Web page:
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Carleton on track to meet interim emissions goal as geothermal project enters second phase

For the first time in over a century, Carleton’s utility system received a makeover. Starting in the summer of 2019, a new geothermal energy system has been providing heating, cooling and hot water to all east campus buildings, from Anderson Hall to the Recreation Center.

The system’s implementation culminates Phase 1 of the project: constructing the East Energy Station in the basement of Anderson, converting east campus systems from steam to hot water heating and drilling three bore fields on Bell Field, the Mini Bald Spot and the Bald Spot. Phase 2 will entail updating the west campus mechanical systems, such as tunnels, pipes and radiators, as well as converting the central facilities plant from steam to hot water. By the fall of 2021, the geothermal system will heat and cool the entire campus, fully replacing a steam heating system that was installed in 1910.

Construction of the geothermal system is the hallmark of the Utility Master Plan (UMP), which was developed to replace outdated equipment and push Carleton towards its goal of net zero carbon dioxide emissions by 2050. Carleton seems to be on track to hit its first interim goal: reducing emissions to 17,000 MTCDE (metric tons of carbon dioxide equivalent) by 2020. Sustainability Program Coordinator Alex Miller reported that “for the 2019 fiscal year, our net emissions were at 17,363 MTCDE, and we expect to see a dip in our emissions when Phase 1 of the UMP is counted.” In part, this comes because the new system transitions towards relying on electricity instead of natural gas. “We’re betting on electricity as a greener source of energy,” said Miller.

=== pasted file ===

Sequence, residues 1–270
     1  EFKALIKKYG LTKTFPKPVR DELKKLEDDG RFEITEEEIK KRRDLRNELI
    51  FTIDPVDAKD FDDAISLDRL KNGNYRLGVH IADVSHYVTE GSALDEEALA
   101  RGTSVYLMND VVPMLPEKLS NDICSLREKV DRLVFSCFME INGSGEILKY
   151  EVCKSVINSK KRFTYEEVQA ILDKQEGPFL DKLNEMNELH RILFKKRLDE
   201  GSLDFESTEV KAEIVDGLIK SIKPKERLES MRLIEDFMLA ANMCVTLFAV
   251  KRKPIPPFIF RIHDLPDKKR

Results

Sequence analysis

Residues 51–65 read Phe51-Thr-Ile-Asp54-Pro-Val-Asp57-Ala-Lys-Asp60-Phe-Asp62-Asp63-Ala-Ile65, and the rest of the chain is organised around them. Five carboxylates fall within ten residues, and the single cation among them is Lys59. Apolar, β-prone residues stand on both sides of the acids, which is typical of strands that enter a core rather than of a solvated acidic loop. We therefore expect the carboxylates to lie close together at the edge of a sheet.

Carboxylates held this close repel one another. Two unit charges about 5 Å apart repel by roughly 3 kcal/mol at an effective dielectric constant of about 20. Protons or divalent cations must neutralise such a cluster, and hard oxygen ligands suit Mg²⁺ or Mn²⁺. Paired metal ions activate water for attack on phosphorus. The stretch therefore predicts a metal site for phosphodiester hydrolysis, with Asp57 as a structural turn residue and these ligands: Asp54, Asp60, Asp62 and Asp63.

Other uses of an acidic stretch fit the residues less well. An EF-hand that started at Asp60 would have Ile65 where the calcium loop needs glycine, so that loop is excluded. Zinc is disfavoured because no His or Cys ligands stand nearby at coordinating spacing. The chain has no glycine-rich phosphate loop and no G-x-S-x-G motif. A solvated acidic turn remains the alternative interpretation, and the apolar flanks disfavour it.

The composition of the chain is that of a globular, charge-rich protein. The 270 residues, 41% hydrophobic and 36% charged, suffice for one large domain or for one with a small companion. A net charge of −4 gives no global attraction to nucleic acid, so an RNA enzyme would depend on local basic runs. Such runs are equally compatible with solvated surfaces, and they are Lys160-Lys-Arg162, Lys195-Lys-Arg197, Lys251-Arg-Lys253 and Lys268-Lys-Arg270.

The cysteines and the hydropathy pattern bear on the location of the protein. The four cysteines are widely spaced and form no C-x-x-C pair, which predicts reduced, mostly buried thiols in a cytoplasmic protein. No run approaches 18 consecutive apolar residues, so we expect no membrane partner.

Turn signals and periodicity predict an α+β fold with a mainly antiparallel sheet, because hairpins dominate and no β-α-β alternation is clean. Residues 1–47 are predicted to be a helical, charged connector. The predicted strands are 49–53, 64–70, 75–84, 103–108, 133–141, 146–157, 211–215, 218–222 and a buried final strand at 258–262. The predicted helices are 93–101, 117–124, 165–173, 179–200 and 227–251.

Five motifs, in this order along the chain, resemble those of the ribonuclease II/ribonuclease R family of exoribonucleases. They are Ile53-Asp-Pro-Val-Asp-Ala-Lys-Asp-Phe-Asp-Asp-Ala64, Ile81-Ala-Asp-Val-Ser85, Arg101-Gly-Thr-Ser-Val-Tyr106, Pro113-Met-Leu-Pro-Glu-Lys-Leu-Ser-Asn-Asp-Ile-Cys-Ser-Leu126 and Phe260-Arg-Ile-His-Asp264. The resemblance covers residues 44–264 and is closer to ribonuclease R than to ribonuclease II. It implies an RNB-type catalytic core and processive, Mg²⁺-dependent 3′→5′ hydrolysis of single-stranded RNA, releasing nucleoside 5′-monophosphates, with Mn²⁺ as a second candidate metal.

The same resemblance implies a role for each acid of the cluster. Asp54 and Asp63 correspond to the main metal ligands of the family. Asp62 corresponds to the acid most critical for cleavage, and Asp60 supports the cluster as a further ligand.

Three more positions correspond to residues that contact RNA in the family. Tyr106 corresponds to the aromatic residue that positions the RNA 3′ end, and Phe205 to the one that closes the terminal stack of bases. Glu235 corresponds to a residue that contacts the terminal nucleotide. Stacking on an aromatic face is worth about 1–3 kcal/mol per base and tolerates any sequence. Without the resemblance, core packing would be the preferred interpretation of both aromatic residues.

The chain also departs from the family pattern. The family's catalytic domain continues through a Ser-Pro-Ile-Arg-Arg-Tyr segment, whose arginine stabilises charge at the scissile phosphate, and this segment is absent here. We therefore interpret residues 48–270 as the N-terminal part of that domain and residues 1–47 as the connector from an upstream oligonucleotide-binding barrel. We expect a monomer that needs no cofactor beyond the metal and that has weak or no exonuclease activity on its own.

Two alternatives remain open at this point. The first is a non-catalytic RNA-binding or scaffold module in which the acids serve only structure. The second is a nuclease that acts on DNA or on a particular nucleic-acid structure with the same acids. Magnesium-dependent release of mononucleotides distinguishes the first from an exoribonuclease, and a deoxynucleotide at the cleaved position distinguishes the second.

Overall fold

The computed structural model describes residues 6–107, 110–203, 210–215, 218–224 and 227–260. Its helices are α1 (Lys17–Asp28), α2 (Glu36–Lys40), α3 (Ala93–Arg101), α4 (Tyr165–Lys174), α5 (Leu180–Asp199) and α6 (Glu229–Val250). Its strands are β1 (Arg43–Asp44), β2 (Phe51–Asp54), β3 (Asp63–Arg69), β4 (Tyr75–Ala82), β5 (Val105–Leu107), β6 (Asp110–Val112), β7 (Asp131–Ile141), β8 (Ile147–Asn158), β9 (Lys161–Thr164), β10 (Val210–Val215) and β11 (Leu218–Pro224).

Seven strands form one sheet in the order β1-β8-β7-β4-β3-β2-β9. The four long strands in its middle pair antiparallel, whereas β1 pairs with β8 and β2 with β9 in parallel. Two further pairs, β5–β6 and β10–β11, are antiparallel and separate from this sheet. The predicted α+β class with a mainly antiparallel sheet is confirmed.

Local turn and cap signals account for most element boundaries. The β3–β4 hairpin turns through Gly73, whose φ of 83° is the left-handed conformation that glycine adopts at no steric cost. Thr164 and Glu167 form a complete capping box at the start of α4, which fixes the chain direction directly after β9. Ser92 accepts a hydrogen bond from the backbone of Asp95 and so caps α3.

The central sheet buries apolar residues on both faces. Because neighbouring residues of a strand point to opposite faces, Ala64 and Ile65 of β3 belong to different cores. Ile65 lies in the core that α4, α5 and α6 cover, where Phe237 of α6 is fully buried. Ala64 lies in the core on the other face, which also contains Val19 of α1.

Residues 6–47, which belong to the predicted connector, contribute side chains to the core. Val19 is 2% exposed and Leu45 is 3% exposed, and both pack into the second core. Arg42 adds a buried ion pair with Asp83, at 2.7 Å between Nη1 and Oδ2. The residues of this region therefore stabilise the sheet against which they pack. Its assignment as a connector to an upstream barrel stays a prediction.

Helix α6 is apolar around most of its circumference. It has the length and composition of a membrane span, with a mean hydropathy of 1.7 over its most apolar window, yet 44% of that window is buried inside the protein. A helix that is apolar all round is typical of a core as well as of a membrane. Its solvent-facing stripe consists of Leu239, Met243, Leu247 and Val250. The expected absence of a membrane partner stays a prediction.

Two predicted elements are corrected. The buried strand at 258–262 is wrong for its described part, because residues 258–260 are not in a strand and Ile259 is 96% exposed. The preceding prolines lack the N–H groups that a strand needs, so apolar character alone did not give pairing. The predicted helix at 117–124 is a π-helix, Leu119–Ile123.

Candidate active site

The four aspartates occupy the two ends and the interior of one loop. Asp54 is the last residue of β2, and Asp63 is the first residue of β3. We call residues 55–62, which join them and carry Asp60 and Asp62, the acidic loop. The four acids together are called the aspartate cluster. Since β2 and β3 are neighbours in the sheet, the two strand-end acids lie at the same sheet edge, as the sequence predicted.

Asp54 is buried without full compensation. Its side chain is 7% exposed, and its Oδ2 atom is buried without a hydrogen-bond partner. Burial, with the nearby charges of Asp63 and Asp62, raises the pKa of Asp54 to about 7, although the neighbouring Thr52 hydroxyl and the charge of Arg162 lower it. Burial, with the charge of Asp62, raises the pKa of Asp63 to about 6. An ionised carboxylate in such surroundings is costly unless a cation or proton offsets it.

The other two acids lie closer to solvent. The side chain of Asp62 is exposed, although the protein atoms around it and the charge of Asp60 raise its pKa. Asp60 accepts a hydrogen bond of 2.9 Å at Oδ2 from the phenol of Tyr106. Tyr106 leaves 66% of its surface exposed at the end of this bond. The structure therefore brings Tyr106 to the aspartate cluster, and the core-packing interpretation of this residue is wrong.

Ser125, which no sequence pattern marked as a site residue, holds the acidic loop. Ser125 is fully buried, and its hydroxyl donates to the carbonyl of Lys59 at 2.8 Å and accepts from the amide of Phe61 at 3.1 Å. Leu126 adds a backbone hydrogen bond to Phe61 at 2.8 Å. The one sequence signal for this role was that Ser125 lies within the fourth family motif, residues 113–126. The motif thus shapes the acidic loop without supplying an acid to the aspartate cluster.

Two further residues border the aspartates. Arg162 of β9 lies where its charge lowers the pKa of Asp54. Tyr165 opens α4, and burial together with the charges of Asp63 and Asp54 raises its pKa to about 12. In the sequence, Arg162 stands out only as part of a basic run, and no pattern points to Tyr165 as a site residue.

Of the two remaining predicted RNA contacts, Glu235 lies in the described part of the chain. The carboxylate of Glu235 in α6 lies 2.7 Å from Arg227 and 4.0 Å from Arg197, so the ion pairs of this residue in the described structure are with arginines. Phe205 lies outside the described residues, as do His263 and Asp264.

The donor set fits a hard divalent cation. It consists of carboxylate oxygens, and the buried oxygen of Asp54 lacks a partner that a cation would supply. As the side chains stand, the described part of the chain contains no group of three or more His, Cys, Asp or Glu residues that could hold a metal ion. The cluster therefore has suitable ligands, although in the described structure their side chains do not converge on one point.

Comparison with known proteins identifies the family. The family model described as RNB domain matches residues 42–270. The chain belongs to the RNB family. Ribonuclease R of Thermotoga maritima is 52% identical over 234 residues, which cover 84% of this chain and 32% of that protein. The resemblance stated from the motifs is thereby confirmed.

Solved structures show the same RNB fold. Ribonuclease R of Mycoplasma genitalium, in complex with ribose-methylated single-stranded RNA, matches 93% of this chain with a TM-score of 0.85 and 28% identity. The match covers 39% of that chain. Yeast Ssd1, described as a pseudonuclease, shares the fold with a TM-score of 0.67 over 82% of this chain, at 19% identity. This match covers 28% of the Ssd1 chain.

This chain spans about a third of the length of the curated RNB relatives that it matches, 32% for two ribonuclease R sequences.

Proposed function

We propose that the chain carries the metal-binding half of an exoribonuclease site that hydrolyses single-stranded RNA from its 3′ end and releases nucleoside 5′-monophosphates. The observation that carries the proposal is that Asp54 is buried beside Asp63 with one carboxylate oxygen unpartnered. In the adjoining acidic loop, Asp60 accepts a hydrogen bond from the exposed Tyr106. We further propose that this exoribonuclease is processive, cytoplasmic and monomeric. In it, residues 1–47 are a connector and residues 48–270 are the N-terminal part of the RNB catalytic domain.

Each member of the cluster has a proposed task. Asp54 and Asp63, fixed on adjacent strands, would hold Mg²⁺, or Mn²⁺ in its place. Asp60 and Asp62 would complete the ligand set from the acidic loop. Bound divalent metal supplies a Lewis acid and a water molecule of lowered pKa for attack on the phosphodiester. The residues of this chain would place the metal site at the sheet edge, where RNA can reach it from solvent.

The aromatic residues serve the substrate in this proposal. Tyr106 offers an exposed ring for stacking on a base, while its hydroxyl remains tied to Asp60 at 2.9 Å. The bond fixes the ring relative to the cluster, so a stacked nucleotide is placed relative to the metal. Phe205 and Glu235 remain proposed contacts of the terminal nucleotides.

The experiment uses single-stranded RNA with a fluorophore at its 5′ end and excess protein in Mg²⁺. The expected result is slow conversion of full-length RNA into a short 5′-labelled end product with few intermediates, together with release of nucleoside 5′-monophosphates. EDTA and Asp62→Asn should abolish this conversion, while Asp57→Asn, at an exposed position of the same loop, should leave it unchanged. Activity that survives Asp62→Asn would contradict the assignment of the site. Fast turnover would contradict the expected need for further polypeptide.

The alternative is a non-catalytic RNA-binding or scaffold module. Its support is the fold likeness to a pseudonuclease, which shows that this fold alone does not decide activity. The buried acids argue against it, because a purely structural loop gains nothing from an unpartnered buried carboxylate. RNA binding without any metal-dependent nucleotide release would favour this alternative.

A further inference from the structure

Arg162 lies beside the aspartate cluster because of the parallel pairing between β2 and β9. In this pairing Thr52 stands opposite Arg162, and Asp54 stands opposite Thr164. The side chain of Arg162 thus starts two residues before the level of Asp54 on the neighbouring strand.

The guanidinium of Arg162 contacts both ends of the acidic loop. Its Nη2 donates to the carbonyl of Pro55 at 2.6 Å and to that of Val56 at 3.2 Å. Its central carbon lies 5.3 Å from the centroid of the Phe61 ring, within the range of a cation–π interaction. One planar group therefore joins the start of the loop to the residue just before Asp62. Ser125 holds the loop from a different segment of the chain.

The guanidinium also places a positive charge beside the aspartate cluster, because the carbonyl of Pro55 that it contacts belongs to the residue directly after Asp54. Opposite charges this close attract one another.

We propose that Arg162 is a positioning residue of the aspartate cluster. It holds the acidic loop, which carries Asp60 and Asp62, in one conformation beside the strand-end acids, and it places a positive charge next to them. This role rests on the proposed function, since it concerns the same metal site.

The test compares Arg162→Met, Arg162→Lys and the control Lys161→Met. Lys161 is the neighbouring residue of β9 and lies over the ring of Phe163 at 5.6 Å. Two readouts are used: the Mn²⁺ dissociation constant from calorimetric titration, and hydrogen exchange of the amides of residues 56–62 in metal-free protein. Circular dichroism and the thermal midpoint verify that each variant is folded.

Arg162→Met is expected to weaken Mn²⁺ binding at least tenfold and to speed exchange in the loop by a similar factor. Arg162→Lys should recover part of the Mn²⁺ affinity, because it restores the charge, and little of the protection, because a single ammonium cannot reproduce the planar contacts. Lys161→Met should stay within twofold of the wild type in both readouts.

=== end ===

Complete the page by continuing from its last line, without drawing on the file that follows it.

The geothermal system—technically called a ground source heating and cooling system because it doesn’t draw all its energy from the earth—uses hot water to transfer heat. The ground acts as both a “sink” by storing and transporting hot and cold water, and a “source” by heating and cooling the water in the bore fields. A heat pump in the East Energy Station accumulates the heated water, cooled water, and geothermal water; from there, the pump distributes it where it is needed. Martha Larson, the Manager of Campus Energy and Sustainability, noted that the campus is an ideal place to implement such a system: “Carleton has great geology for geothermal bore fields. It was relatively easy to drill the bores, and we have very active groundwater flow under the surface. The bore fields are therefore very good at transferring heat.”

The UMP is both financially and environmentally sustainable. Construction of the geothermal system is the hallmark of the Master Plan (UMP), which was developed to replace outdated equipment and push Carleton towards its goal of net zero carbon dioxide emissions by 2050. Carleton seems to be on track to hit its first interim goal: reducing emissions to 17,000 MTCDE (metric tons of carbon dioxide equivalent) by 2020. Sustainability Program Coordinator Alex Miller reported that “for the 2019 fiscal year, our net emissions were at 17,363 MTCDE, and we expect to see a dip in our emissions when Phase 1 of the UMP is counted.” In part, this comes because the new system transitions towards relying on electricity instead of natural gas. “We’re betting on electricity as a greener source of energy,” said Miller.

Phase 1 of the UMP was completed between 2017 and 2019: constructing the East Energy Station in the basement of Anderson, converting east campus systems from steam to hot water heating and drilling three bore fields on Bell Field, the Mini Bald Spot and the Bald Spot. Phase 2, which will be underway from 2020-2021, entails updating the west campus mechanical systems, such as tunnels, pipes and radiators, as well as converting the central facilities plant from steam to hot water.